Pattern Overload

August 18, 2017, 10:14 PM · Pattern Overload is a concept I learned about when studying strength training. I think it applies to violinists just as much as any athlete. Let me know what you think.


https://www.youtube.com/watch?v=mOD5LbkQpLA

Replies (5)

August 20, 2017, 5:46 AM · I am unable to understand how strength training is needed for playing the violin. As the student learns to play the instrument (preferably under a teacher who knows their job) the necessary muscles will develop to cope as nature intended - which doesn't take long.
August 20, 2017, 6:51 AM · Yes, our problems are with tendons and ligaments rather than muscles.
Edited: August 20, 2017, 11:36 AM · Apart for his use of language, I do agree with the basic concept; there are certain patterns of muscle (and tendon) engagement in violin / viola playing.
If you disagree, just observe a cello or double-bass player - their posture drives different muscle engagement.
We do need to re-gain balance and the main question is what do we do after we finish our daily practice.
...and yes, it is at least partially about muscle strength & balance.
August 20, 2017, 11:01 AM · I've done violin playing and strength training for a long time now. There are definite parallels between the two regarding basic precautions to take to avoid pattern overload and stay as injury free as possible -- e.g., proper warm-up, posture, form, avoidance of overtraining/over-practicing.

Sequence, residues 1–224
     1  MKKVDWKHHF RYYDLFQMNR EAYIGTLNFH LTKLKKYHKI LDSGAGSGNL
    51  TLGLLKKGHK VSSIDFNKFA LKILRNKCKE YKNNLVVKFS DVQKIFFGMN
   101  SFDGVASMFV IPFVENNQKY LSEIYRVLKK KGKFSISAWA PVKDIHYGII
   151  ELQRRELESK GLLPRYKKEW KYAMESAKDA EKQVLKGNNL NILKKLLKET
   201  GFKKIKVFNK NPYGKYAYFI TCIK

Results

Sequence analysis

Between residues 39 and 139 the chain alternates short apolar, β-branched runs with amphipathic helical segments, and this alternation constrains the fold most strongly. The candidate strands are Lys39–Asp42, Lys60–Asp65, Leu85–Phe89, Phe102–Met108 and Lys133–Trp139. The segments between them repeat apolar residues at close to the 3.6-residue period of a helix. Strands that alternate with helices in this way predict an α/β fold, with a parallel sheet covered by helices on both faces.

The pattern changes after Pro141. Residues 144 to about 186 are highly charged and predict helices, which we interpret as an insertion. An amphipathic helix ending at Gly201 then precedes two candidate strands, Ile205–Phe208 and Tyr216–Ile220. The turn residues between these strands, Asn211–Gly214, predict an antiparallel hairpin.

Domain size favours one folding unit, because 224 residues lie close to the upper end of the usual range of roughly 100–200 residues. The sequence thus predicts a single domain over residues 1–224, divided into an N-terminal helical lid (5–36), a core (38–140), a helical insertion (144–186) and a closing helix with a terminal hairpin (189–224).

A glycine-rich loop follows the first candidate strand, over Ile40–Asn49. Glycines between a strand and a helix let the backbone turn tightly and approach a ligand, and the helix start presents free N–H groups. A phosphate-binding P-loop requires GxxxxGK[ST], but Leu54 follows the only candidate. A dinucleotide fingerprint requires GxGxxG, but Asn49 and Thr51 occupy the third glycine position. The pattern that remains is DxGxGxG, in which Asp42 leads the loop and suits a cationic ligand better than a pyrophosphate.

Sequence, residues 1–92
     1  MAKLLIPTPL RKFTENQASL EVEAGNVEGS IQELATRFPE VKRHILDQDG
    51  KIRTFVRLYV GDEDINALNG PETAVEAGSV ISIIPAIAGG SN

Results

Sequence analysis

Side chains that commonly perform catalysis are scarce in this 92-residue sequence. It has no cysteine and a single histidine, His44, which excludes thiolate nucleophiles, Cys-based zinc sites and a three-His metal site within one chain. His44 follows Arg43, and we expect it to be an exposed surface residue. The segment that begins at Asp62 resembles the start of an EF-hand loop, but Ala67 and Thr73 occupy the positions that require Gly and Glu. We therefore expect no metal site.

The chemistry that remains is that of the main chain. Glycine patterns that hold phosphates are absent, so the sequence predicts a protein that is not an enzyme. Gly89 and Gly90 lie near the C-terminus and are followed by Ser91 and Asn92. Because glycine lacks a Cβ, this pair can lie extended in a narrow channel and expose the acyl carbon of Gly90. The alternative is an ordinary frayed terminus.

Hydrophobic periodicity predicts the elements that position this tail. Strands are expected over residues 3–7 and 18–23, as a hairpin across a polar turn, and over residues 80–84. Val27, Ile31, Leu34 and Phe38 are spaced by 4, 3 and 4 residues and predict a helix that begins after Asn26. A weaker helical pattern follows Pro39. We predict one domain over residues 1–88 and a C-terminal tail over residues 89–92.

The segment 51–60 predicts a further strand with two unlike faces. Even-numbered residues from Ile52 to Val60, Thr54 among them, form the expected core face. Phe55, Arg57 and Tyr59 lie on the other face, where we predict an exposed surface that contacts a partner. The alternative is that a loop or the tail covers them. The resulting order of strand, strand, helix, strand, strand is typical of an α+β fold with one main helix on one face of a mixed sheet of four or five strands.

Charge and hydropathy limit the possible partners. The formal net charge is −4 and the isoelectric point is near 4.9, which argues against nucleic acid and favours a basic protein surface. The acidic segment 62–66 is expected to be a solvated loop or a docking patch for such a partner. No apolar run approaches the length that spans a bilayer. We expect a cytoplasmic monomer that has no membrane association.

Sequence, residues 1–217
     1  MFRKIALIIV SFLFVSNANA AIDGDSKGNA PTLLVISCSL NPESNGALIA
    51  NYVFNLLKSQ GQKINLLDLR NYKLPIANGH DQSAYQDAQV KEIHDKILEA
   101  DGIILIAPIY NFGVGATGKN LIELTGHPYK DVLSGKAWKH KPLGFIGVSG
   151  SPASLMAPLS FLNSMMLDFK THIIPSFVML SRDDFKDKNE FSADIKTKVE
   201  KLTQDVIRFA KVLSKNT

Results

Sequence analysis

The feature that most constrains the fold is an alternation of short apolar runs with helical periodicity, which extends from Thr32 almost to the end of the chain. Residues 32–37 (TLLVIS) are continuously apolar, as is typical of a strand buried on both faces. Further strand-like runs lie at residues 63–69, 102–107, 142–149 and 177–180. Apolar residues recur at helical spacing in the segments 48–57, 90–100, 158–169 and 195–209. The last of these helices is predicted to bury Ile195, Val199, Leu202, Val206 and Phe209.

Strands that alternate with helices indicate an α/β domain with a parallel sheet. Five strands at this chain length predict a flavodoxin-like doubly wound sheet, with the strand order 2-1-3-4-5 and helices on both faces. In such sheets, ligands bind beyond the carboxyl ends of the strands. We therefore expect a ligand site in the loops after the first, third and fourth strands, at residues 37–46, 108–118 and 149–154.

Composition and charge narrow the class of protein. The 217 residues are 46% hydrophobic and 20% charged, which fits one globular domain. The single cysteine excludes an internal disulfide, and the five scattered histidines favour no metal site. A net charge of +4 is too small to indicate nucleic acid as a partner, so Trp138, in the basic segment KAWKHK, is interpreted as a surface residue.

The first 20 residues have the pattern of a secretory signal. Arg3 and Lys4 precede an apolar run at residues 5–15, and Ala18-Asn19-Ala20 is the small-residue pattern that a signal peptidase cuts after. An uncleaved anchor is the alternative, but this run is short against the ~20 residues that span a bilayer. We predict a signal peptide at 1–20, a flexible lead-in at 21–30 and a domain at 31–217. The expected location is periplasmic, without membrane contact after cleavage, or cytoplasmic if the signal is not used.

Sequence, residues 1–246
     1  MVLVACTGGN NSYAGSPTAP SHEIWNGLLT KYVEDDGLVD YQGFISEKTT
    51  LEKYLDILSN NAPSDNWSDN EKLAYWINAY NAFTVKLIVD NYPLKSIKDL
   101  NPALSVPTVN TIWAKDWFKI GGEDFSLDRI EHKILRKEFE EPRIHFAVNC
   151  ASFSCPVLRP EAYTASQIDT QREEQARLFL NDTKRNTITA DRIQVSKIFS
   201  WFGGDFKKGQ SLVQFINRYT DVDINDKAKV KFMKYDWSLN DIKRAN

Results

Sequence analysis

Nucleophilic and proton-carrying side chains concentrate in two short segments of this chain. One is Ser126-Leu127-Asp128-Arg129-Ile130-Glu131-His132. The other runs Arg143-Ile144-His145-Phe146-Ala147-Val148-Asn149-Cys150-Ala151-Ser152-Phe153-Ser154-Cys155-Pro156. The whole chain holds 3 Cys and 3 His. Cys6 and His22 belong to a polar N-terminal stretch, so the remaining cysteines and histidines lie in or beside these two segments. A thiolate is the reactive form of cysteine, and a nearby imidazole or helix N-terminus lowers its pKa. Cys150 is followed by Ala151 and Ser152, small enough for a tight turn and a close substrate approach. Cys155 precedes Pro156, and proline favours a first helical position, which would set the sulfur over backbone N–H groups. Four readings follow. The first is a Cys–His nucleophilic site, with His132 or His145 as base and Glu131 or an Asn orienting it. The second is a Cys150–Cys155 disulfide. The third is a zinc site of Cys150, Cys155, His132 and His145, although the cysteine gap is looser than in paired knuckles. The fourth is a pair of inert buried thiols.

In working out, my sequence is WALK, STRETCH, LIFT, REST. In violin, it's WALK, STRETCH, PRACTICE, REST. Just as I rest between sets of a strength-training exercise, I rest between "sets" of demanding violin drills like Sevcik or Schradieck. I find these drills best in small, concentrated doses. I intersperse them with a few minutes of vibrato exercises -- or something that lets the hand muscles stretch and relax before the next onslaught.

August 20, 2017, 1:31 PM · He is absolutely right. You do not need to further exercise the muscles that lift your arms if you play the violin all day. If you are lifting the arms all day those muscles are strong enough. What you need to exercise is the muscles that keep the arm (the shoulder joint) DOWN i.e. rotator cuff exercises etc.
The book "The atheletic musician" by Barbara Paull takes this up highlighting the need for balance in muscle strength and specifically exercise the muscles that counteract the action we do when playing (arm lifting). It really helps you get the shoulder down where it belongs......

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